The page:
As the country continues to grapple with high inflation, many Americans fear a recession. The Den talked to two Mercer University economists about what a recession is, how we got here and what we can do about it.
Dr. Antonio Saravia is an associate professor of economics and director of Mercer’s Center for the Study of Economics and Liberty. With more than 20 years of academic and consulting experience, his research focuses on institutional economics, political economy and the determinants of economic freedom.
Dr. Andres Marroquin is an associate professor of economics and faculty affiliate in the Center for the Study of Economics and Liberty. With over 15 years of experience in economics, his research centers on culture, institutions, entrepreneurship and development.
What is a recession?
A recession is a significant downturn in economic activity reflected in a decline in the growth of gross domestic product, or GDP. GDP is the monetary value of all final goods and services produced in a country.
“The conventional definition has been if you have two consecutive quarters of negative growth in your GDP, then you are very likely in a recession,” Dr. Saravia said.
Some economists debate how many consecutive periods of decreased growth there should be, and others say additional indicators, like unemployment, impact whether a country is in a recession, Dr. Marroquin said.
So, are we in a recession?
Dr. Saravia pointed to the recent GDP report from the Bureau of Economic Analysis, which shows the U.S. economy shrank by 0.9% in the second quarter of 2022, following a 1.6% decrease in the first quarter.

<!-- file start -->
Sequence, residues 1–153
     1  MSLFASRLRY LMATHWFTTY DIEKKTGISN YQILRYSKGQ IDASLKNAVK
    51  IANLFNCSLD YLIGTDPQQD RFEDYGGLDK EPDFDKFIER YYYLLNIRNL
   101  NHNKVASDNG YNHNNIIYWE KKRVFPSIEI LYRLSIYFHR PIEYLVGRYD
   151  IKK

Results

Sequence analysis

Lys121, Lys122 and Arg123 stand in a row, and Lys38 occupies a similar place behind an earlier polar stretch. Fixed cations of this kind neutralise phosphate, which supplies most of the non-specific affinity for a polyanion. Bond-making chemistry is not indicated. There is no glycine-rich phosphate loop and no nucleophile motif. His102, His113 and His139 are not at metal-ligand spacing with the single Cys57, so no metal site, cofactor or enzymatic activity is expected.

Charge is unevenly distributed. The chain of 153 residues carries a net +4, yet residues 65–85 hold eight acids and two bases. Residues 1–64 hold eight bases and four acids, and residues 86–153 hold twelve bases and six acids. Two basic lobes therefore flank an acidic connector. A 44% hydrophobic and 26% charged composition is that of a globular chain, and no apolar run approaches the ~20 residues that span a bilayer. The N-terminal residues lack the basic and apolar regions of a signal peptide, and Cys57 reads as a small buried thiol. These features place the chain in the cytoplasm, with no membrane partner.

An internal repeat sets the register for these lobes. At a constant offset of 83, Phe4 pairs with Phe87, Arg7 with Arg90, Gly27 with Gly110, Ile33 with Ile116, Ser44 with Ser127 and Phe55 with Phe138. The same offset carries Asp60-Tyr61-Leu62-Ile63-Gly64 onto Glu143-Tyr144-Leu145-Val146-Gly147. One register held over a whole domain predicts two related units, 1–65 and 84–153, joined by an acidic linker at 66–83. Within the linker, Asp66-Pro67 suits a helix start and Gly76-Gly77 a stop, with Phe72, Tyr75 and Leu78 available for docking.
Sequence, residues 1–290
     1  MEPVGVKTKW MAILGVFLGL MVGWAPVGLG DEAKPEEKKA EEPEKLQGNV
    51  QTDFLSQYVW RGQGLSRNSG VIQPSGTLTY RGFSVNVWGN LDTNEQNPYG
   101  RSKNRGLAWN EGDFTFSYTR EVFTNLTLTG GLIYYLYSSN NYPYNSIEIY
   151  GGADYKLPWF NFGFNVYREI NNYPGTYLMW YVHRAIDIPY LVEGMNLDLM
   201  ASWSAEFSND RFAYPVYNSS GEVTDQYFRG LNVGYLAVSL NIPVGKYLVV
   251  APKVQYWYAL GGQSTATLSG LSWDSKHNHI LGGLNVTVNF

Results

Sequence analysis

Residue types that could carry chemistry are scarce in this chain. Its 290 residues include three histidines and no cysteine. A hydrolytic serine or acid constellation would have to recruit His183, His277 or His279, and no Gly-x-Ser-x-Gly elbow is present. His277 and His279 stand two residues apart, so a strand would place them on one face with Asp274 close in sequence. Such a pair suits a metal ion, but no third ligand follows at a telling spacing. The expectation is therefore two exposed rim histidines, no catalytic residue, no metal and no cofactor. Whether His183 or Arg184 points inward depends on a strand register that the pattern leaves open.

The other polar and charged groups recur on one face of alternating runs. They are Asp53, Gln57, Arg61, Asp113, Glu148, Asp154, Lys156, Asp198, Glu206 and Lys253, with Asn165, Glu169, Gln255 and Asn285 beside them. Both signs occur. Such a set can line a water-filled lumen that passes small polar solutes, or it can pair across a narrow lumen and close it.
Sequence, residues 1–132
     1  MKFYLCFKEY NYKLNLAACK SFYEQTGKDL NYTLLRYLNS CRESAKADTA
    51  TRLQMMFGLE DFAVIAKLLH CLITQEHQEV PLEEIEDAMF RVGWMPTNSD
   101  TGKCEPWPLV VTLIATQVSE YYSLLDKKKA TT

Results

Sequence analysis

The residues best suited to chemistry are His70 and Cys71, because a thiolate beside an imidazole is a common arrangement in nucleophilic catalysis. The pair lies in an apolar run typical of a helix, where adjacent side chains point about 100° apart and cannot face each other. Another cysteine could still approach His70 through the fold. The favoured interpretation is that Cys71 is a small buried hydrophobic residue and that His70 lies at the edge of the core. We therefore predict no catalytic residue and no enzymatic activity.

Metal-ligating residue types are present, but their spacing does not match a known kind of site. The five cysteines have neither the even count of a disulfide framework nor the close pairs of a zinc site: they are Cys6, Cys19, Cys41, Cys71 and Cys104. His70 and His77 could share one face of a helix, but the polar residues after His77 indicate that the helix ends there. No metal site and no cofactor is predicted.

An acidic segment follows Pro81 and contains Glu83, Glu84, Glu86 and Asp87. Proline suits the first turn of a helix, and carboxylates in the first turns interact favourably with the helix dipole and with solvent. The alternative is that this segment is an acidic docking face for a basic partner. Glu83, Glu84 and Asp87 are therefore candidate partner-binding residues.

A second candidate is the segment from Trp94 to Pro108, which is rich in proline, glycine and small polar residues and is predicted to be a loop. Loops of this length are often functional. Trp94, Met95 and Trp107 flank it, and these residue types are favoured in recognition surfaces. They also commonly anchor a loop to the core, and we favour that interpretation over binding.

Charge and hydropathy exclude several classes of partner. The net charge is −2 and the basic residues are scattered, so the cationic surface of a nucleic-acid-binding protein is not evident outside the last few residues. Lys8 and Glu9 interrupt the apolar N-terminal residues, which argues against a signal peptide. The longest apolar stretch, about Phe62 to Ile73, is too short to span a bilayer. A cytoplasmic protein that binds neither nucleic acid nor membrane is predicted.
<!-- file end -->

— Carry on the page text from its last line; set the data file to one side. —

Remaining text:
“(We have) two consecutive quarters of negative growth rates, and whenever that has happened, since at least the 1940s, the National Bureau of Economic Research has declared that period a recession,” Dr. Saravia said.
The nonprofit National Bureau of Economic Research officially decides whether the U.S. economy is in a recession, but it hasn’t made that call yet.
“Some people say yes because we see a reduction in the GDP. Other people say we need to be a little bit cautious because there are other indicators that are not as bad or could be worse, like, for example, unemployment,” Dr. Marroquin said. “The problem is that usually unemployment lags — which means that in a recession it takes time for people to start losing their jobs.”
So far, the U.S. has not seen the unemployment rate increase, which is expected in a recession. The U.S. added 528,000 jobs in July, and at 3.5%, the unemployment rate has returned to its pre-pandemic level, according to the Bureau of Labor Statistics.
“If there is a recession, then we are going to see unemployment increase in the next few weeks or the next few months,” Dr. Marroquin said. “So, we see a reduction in the rate of change of GDP, and then we might see an increase in unemployment.”
Dr. Saravia said the labor market is strong because workers are “cheap” right now. This is because nominal wages have not increased with the rate of inflation, he said.
“But at some point, nominal wages are going to push up because the workers are going to say, ‘This doesn’t make sense. I’m taking less money home in real terms. You have to increase my salary.’ And when that happens, then companies are likely to let people go,” Dr. Saravia said.
“So, the labor market is strong for now, but when nominal wages adjust to be on par with inflation, then that’s when we’re going to start seeing unemployment, and that’s very, very typical in a recession.”
Even if we’re not yet in a recession, one is likely coming.
“My guess is that things are not looking good for the next few months because of what is happening with interest rates,” Dr. Marroquin said.
In an effort to curb inflation, the Federal Reserve has been increasing its benchmark interest rate. This helps inflation by taking money out of the economy but at the same time makes it more difficult to get capital for economic development.
And a decrease in the growth of the economy leads to a recession.
How did we get here?
Rewind back to 2020, when the COVID-19 pandemic was just taking hold. Many people lost their jobs or were out of work due to mandatory shutdowns or sickness.